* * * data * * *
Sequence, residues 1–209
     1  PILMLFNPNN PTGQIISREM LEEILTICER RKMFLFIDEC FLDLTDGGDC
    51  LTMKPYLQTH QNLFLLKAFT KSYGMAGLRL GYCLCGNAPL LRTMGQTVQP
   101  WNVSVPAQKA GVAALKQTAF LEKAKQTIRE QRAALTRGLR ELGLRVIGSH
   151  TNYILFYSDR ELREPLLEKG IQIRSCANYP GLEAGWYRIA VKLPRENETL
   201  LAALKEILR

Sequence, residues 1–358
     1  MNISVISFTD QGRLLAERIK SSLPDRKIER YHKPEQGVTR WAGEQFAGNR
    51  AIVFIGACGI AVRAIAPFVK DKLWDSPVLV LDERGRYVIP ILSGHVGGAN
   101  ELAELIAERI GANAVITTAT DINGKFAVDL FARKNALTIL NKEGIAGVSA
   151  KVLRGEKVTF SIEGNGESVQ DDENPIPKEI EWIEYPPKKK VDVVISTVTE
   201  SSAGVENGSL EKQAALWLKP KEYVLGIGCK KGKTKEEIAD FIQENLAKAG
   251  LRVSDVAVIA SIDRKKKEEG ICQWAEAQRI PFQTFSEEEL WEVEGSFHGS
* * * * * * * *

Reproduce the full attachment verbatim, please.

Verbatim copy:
Sequence, residues 1–209
     1  PILMLFNPNN PTGQIISREM LEEILTICER RKMFLFIDEC FLDLTDGGDC
    51  LTMKPYLQTH QNLFLLKAFT KSYGMAGLRL GYCLCGNAPL LRTMGQTVQP
   101  WNVSVPAQKA GVAALKQTAF LEKAKQTIRE QRAALTRGLR ELGLRVIGSH
   151  TNYILFYSDR ELREPLLEKG IQIRSCANYP GLEAGWYRIA VKLPRENETL
   201  LAALKEILR

Sequence, residues 1–358
     1  MNISVISFTD QGRLLAERIK SSLPDRKIER YHKPEQGVTR WAGEQFAGNR
    51  AIVFIGACGI AVRAIAPFVK DKLWDSPVLV LDERGRYVIP ILSGHVGGAN
   101  ELAELIAERI GANAVITTAT DINGKFAVDL FARKNALTIL NKEGIAGVSA
   151  KVLRGEKVTF SIEGNGESVQ DDENPIPKEI EWIEYPPKKK VDVVISTVTE
   201  SSAGVENGSL EKQAALWLKP KEYVLGIGCK KGKTKEEIAD FIQENLAKAG
   251  LRVSDVAVIA SIDRKKKEEG ICQWAEAQRI PFQTFSEEEL WEVEGSFHGS